The sentencing hearing for Jaskirat Singh Sidhu has wrapped up for the day in a Saskatchewan court after the last of the impact statements were given by friends and families of the victims of the Humboldt Broncos bus crash.
Sixteen people were killed and 13 injured in April 2018 when the Broncos team bus collided with a semi-trailer Sidhu was driving. Earlier this month, Sidhu pleaded guilty to 16 counts of dangerous driving causing death and 13 counts of dangerous driving causing bodily harm. Wednesday marked the third day of the truck driver’s sentencing hearing.
More than 90 victim impact statements were either read or presented in provincial court in Melfort, Sask., since the hearing began Monday.
The first family to speak today was that of team trainer and athletic therapist Dayna Brons. The 24-year-old was the only woman on the bus.
Her mother said Dayna acted as a big sister to the younger players and enjoyed helping out on the family farm.
“We have yet to order a headstone,” said Carol Brons. “I don’t know when we’ll do that. It makes it too real.”
She thanked medical staff who kept Dayna alive long enough for her family to see her one last time.
She said her family has been robbed of the opportunity to see Dayna grow into an adult.
It was her mom’s dream to help plan a wedding with Dayna.
Carol Brons remembered while they were picking out wedding dresses for their oldest daughter’s wedding, Dayna was in the background checking out how she looked in Carol’s veil.
“I knew she was kind of thinking ahead,” she said. “We have a beautiful church in our parish, and it’s kind of a dream, of course, to be able to walk her down the aisle in that beautiful church. Instead we had to figure out how we were going to plan a funeral,” she said.
“We did walk Dayna down the aisle, but we weren’t escorting a bride, we were escorting a casket.”
Carol said she hasn’t forgiven Sidhu, but is trying to, because her daughter would have wanted that.
Listen to the victim impact statement delivered before Sidhu today by Broncos assistant coach Chris Beaudry. Beaudry read it again for CBC News.
The family of crash survivor Xavier Labelle called the province’s handling of their situation “insane.”
Labelle’s family believed he was dead for three days after he was accidentally identified as another player, Parker Tobin, who was killed in the crash.
“Mr. Sidhu, all of this pain and suffering and chaos could have been avoided, if only you had stopped,” said Tanya Labelle.
The family had already started planning Xavier’s funeral when they discovered their son was alive.
“We arrived to his bedside with kisses and indescribable joy,” said Xavier’s father, Paul.
Xavier spent 62 days in hospital, suffering from a fractured skull, a concussion, internal bleeding and about 20 broken bones, including 13 in his spine.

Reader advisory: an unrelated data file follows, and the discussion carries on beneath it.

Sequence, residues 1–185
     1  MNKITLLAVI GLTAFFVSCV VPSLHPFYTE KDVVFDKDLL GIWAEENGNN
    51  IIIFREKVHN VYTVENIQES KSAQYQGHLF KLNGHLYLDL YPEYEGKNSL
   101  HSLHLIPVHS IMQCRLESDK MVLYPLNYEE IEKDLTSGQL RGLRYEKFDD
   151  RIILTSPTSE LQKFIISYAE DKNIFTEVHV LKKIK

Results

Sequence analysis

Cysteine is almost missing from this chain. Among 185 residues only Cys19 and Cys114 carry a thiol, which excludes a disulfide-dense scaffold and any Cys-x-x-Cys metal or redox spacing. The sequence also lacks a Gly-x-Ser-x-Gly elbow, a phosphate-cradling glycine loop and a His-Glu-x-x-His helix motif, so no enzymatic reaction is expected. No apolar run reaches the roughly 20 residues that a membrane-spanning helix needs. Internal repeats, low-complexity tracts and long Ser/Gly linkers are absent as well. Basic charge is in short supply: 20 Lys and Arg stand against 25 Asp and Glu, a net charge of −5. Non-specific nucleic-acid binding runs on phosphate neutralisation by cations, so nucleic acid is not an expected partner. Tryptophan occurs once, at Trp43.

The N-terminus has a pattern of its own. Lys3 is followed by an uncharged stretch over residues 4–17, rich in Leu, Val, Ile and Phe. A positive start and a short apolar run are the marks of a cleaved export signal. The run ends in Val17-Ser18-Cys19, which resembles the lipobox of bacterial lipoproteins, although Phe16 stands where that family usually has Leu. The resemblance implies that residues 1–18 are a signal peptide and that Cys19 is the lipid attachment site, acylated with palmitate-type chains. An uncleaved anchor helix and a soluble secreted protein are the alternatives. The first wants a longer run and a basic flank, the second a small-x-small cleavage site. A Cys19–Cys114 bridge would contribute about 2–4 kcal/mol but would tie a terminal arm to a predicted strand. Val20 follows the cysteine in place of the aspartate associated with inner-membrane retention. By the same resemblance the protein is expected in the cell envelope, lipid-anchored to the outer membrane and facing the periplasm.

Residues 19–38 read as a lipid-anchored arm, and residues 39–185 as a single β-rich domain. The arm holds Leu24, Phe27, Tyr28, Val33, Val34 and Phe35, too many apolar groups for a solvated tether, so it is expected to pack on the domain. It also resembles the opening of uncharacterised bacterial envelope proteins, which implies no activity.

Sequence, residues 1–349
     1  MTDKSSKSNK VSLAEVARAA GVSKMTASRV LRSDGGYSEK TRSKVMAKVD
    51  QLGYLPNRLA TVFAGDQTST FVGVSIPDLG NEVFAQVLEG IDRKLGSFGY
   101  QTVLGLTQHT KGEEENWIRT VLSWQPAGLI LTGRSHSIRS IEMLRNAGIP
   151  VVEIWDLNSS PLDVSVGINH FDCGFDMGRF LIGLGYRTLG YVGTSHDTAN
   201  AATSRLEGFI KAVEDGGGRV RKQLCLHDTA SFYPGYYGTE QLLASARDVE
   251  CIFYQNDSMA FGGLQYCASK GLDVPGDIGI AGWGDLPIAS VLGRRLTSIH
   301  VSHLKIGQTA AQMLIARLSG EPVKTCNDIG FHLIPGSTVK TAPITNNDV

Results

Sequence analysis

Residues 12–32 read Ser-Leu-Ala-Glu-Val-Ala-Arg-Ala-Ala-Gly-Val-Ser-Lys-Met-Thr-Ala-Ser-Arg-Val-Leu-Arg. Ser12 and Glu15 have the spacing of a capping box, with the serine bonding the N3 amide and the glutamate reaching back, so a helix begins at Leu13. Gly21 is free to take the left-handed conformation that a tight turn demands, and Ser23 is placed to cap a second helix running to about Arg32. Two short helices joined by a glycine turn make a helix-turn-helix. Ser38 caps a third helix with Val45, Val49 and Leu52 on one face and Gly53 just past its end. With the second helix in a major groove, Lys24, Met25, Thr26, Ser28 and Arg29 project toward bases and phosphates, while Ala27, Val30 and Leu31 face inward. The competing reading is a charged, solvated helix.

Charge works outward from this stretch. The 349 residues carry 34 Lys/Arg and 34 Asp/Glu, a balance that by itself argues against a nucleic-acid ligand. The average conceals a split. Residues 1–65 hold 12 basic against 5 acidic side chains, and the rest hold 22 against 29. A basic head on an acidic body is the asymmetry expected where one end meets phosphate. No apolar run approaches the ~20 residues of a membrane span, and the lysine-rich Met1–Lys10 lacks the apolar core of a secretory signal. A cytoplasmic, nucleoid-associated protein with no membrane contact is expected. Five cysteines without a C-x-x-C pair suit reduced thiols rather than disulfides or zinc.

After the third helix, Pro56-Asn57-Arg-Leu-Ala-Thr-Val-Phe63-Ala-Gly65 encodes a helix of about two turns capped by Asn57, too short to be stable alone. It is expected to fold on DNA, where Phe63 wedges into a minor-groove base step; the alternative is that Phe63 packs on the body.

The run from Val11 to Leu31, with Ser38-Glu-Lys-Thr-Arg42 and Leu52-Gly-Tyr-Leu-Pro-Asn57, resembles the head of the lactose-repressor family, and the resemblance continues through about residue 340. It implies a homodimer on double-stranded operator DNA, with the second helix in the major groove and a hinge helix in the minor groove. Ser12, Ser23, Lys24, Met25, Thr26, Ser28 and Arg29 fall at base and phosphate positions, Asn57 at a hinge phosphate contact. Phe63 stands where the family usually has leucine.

The family said they paid to send Xavier to a hospital in the United States for rehabilitation after the province refused to subsidize them.
Since the crash, some of the titanium screws in his spine have broken, and the family is not sure what will happen next.
“We feel we are living in chaos and turmoil,” said Tanya Labelle.
Xavier’s grandfather said they were angry that his nine-year-old sister had to believe for three days that her brother was dead.
“Mr. Sidhu, you are responsible for sending me to hell,” said Rick Armstrong. “You are responsible for the injuries to Xavier. I will never forget his immense screaming [in hospital].”
‘I miss his voice’
The next statement came from Marilyn Hay, whose son Tyler Bieber was a broadcaster travelling with the team to a game in Nipawin.
“I miss his radio voice and listening to him as I got ready for work,” Hay said.
She recalled telling her son that travelling on the team bus was safer than driving to games by himself.
“If only I could have protected him,” she said. “It hurts me. I never got to give him a final goodbye hug.”
Bieber’s father was not able to attend the hearing, as he has been hospitalized due to stress. A court official read from a statement from Bieber’s father said he was not ready to forgive Sidhu.
According to an agreed statement of facts, Sidhu was found solely responsible for the crash.
A forensic collision report found Sidhu’s semi-trailer didn’t brake at the intersection of Highway 335 and 35 before the crash, despite numerous signs with flashing lights to warn drivers.
The report said Sidhu’s view of the intersection was not impeded by any environmental factors like trees near the road or sun in his eyes.
Listen to Dayna’s father, Lyle Brons, talk about why he believes the driver deserves to experience peace one day.
After the victim impact statements, lawyers will present their final statements to Judge Inez Cardinal. Cardinal must then decide on an appropriate sentence for the offences. It’s unclear when that ruling will come.
The Crown prosecutor would not comment on what sentence he is seeking for Sidhu.
The maximum sentence for dangerous driving causing death is 14 years in prison. A law professor at the University of Saskatchewan said dangerous driving causing death has typically resulted in jail terms of between two and five years.